Using split on its own is equivalent to saying:

split /s+/, $_;

which breaks the default string $_ into a list of substrings, using whitespace as a delimiter. However, we can also specify our own regular expression: perl goes through the string, breaking it whenever the regexp matches. The delimiter itself is thrown away.

For instance, on the UNIX operating system, configuration files are sometimes a list of fields separated by colons. A sample line from the password file looks like this:

kake:x:10018:10020::/home/kake:/bin/bash

To get at each field, we can split when we see a colon:

#!/usr/bin/perl
# split.plx
use warnings;
use strict;
my $passwd = “kake:x:10018:10020::/home/kake:/bin/bash”;
my @fields = split /:/, $passwd;
print “Login name : $fields[0]n”;
print “User ID : $fields[2]n”;
print “Home directory : $fields[5]n”;

>perl split.plx
Login name : kake
User ID : 10018
Home directory : /home/kake
>

Note that the fifth field has been left empty. Perl will recognize this as an empty field, and the numbering used for the following entries takes account of this. So $fields[5] returns /home/kake , as we’d otherwise expect. Be careful though – if the line you are splitting contains empty fields at the end, they will get dropped.

Join
To do the exact opposite, we can use the join operator. This takes a specified delimiter and interposes it between the elements of a specified array. For example:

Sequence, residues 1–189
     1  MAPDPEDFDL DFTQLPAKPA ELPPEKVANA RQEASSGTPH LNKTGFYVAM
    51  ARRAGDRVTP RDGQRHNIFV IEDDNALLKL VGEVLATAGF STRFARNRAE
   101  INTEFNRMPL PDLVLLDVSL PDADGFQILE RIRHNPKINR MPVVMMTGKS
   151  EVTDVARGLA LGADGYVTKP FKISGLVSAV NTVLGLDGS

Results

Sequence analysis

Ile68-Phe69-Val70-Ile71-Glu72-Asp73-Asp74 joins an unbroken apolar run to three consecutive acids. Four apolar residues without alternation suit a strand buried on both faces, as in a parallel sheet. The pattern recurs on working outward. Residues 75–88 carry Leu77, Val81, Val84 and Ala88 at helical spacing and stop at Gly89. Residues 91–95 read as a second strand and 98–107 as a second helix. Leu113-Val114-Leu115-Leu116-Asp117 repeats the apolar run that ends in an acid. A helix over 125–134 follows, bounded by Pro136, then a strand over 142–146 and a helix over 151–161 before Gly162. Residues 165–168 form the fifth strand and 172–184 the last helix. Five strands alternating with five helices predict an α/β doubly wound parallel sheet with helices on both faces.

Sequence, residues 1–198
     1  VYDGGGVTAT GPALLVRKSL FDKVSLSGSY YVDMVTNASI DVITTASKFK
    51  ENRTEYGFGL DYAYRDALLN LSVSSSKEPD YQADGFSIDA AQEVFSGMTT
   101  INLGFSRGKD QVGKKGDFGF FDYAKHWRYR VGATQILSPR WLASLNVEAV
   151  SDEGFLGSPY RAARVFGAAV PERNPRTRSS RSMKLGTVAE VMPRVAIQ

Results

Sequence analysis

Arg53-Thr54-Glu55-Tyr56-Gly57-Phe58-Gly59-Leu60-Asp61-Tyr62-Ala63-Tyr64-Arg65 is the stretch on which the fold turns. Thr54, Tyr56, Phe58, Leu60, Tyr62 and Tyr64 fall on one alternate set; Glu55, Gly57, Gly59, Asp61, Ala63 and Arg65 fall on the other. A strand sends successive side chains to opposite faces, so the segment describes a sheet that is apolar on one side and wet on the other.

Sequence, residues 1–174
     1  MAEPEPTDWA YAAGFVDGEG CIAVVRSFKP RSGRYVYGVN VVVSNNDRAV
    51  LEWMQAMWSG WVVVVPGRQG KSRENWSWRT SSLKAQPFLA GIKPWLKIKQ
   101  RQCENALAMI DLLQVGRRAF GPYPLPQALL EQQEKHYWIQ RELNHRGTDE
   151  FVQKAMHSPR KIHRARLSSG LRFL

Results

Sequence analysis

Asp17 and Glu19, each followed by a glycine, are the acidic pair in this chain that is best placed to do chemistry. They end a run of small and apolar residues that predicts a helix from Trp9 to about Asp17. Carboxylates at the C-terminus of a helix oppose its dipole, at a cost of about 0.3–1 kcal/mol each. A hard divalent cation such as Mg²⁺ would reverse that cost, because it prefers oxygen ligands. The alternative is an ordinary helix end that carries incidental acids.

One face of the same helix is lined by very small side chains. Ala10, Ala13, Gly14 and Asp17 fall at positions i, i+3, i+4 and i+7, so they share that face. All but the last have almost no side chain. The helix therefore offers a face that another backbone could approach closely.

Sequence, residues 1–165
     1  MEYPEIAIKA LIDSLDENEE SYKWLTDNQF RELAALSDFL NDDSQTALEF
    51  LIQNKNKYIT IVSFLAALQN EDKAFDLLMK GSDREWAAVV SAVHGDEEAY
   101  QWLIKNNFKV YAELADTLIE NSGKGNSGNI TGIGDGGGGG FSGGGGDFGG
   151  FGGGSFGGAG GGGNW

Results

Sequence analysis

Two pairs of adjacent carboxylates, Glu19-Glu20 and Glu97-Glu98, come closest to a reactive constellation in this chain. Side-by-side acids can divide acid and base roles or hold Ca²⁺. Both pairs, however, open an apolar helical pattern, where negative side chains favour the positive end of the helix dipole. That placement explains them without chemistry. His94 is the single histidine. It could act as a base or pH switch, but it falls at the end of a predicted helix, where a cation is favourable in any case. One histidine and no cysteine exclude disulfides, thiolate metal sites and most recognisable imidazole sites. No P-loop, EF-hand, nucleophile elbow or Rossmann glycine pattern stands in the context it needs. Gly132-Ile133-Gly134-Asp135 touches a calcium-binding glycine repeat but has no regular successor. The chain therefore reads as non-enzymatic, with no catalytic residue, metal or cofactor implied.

#!/usr/bin/perl

# join.plx
use warnings;use strict;
my $passwd = “kake:x:10018:10020::/home/kake:/bin/bash”;my @fields = split /:/, $passwd;print “Login name : $fields[0]n”;print “User ID : $fields[2]n”;print “Home directory : $fields[5]n”;

my $passwd2 = join “#”, @fields;
print “Original password : $passwdn”;
print “New password : $passwd2n”;

>perl join.plx
Login name : kake
User ID : 10018
Home directory : /home/kake
Original password : kake:x:10018:10020::/home/kake:/bin/bash
New password : kake#x#10018#10020##/home/kake#/bin/bash
>

Transliteration
While we’re looking at regular expressions, we should briefly consider another operator. While it’s not directly associated with regexps, the transliteration operator has a lot in common with them and adds a very useful facility to the matching and substitution techniques we’ve already seen.

What this does is to correlate the characters in its two arguments, one by one, and use these pairings to substitute individual characters in the referenced string. It uses the syntax tr/one/two/ and (as with the matching and substitution operators) references the special variable $_ unless otherwise specified with =~ or !~ . In this case, it replaces all the ‘o’s in the referenced string with ‘t’s, all the ‘n’s with ‘w’s, and all the ‘e’s with ‘o’s.

Let’s say you wanted to replace, for some reason, all the numbers in a string with letters. You might say something like this: